Announcing Our New Works Project!

T. Schreiber Studio Presents the 2011 New Works ProjectnnnnMission Statement:nThe T. Schreiber Studio New Works Project is committed to supporting the development of new plays in a safe and nurturing environment-one that serves the playwright and enriches the T. Schreiber Studio community as a whole. The studio provides the playwright access to the expertise of experienced theatre professionals, sophisticated and well trained actors, and a supportive, interactive audience. In the New Works Project, T. Schreiber will develop new theatrical productions through a series of staged readings and collaborative refinement, culminating in a professional workshop production. The goal is to foster and elevate writers’ work to its fullest potential.nnThe winning play will receive two staged readings, in March and May, 2011, performed by T. Schreiber Studio actors. To further develop the play, audience feedback is solicited and the production staff of T. Schreiber will work directly with the playwright to refine the production.  The New Works project culminates in a workshop production of the winning play for a short run in late July.  There will be no cash prize provided for the selected play.  However, the developmental assistance provided for the selected playwright is invaluable.nnThe New Works Project is committed to script development and successful production of new works.  Winning playwrights are expected to participate fully in the development process: working directly with the director and T. Schreiber staff during staged readings; interacting with audiences post-readings; and participating in the workshop production.  While T. Schreiber cannot provide transportation or housing to playwrights submitting works from outside the NYC area, every effort will be made to help selected playwrights find local accommodations.nnGuidelines:n

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  • Submission deadline for the New Works Project is December 16th, 2010.
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  • Submission must be full-length in any genre.
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  • Plays may not have received a full-scale, professional production prior to submission.
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  • Playwrights with past production experience are especially encouraged to submit new work.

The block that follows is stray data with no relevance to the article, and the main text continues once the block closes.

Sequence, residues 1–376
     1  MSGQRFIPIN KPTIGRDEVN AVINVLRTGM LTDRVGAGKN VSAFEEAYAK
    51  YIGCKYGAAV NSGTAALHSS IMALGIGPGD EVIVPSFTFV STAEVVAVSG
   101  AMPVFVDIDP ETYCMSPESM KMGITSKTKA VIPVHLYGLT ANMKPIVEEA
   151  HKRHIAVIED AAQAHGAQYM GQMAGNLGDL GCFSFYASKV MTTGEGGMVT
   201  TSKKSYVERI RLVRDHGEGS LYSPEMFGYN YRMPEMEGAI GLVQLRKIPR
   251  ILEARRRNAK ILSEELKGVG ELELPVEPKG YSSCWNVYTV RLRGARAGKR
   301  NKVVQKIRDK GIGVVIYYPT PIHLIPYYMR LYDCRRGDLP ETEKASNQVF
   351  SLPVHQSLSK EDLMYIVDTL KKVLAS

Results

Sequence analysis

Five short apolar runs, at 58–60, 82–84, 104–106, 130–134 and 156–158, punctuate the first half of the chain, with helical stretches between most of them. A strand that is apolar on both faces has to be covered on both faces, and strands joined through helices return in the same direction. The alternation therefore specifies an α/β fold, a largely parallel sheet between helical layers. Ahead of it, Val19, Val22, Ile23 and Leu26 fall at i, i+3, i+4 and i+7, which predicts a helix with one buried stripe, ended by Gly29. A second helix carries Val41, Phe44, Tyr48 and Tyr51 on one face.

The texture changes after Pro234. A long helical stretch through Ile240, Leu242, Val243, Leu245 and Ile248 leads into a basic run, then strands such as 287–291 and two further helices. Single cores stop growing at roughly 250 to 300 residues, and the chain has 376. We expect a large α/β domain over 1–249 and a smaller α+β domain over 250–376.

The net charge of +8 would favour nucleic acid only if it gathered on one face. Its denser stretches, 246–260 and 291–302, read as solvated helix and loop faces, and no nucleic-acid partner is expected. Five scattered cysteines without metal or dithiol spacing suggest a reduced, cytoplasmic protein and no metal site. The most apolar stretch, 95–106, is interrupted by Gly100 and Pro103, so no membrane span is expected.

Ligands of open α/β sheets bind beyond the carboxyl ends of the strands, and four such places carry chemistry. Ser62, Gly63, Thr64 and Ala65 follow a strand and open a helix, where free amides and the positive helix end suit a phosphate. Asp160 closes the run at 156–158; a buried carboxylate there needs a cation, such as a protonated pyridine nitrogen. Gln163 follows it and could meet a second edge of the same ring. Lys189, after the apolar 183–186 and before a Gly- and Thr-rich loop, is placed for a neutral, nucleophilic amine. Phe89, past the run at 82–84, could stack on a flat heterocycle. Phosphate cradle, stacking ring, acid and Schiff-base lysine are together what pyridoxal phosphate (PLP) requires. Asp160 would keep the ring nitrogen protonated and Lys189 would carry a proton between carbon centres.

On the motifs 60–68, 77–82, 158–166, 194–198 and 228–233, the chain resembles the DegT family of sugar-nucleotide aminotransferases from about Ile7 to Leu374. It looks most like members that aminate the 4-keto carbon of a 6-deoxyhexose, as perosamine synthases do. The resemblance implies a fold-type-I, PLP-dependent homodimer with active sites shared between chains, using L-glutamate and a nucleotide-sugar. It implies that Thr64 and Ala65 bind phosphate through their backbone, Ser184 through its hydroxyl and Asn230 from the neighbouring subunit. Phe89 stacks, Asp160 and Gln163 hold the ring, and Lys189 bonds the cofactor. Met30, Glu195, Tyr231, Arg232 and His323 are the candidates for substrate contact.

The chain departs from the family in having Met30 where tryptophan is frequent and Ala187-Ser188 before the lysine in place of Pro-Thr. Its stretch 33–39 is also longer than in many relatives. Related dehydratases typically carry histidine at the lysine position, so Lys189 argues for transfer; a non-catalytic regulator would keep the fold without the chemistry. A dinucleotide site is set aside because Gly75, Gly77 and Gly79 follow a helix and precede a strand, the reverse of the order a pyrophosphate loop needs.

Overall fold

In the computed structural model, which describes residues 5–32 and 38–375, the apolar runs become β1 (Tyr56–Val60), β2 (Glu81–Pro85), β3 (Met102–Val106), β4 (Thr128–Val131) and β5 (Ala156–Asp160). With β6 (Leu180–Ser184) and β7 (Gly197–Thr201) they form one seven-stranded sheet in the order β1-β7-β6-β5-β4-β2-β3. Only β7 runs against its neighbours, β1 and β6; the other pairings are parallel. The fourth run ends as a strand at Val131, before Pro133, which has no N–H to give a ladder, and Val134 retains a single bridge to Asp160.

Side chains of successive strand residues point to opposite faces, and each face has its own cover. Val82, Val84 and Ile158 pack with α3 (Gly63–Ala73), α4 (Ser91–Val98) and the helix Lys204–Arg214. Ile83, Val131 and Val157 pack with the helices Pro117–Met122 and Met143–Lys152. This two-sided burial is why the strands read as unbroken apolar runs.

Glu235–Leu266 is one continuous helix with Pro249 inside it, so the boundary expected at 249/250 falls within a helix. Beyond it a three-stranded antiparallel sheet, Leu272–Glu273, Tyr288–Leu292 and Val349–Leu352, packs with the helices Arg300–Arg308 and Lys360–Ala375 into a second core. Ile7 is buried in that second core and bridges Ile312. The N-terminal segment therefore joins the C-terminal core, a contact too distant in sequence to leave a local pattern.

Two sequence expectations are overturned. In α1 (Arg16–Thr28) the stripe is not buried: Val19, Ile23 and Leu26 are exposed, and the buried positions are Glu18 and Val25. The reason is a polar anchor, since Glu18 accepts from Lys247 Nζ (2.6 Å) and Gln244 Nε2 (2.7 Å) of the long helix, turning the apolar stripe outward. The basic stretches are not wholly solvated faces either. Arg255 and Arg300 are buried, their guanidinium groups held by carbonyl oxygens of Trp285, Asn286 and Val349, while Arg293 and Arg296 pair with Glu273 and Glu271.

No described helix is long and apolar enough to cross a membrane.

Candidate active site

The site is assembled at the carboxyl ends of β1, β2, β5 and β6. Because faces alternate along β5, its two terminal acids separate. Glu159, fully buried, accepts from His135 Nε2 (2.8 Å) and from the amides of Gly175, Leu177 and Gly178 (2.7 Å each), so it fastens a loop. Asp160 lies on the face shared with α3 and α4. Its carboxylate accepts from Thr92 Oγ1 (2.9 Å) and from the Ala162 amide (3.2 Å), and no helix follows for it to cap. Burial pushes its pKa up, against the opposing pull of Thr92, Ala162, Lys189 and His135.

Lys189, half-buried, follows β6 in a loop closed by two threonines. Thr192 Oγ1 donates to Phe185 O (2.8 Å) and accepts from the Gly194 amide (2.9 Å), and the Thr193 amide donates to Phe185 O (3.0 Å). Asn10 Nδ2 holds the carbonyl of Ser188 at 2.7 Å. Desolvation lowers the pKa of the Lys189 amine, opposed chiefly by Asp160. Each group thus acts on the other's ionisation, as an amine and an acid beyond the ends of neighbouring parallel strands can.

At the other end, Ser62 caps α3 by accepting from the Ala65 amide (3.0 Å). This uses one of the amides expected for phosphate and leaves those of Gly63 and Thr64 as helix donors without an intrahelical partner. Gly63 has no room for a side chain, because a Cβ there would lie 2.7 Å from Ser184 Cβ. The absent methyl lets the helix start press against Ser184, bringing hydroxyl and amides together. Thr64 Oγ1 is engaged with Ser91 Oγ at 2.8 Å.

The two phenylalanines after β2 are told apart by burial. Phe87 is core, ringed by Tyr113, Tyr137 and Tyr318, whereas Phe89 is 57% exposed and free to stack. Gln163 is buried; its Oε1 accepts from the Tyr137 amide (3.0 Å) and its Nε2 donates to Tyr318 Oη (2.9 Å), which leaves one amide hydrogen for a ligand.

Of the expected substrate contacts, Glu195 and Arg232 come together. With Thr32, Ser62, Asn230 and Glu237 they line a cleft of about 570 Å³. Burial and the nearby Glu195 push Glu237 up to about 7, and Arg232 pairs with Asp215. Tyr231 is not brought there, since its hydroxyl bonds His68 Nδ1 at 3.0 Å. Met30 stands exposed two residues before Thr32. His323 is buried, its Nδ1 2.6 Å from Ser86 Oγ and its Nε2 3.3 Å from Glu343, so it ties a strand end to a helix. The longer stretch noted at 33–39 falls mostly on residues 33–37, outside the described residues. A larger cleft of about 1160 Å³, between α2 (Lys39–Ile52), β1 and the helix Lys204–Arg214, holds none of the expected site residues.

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  • Productions should be developed for the stage, not other media: e.g. screenplays or teleplays submitted as theatrical plays.
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  • One script per author.
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  • There is NO submission fee for the New Works Project.
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  • Plays should be between 90 minutes and 2 hours in length.
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  • Do not send more than the materials requested below. No incomplete submissions will be accepted. We do NOT return script or treatment submissions.
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  • Please NO PHONE OR EMAIL inquiries.n
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nSubmission is a two-phase process. nnPhase I: Submit a two page maximum treatment of the play including title, character breakdown (please include age range and gender), and brief story synopsis. Also include 5 pages of consecutive sample dialogue. Playwrights should also include a one page bio and resume including contact information. All abstracts and dialogue samples will be read. From these, selected manuscripts will be solicited for Phase II by January 1st.nnDue to the expected high volume of submissions, no materials will be returned to playwrights. Do not send a manuscript with or instead of the abstract. Unsolicited manuscripts will not be read. Paper copies must be mailed to T. Schreiber studio at the address listed below.nnPhase II: All manuscripts that have been solicited for Phase II will be read and reviewed by the selection committee. Manuscripts should be neatly typed, securely bound and have the playwright’s name, contact address and phone number clearly visible on the front page. No unsolicited manuscripts.nnSend treatment, sample dialogue and resume to:nnT. Schreiber Studionc/o New Works Projectn151 W. 26th Street, 7th FloornNew York, NY 10001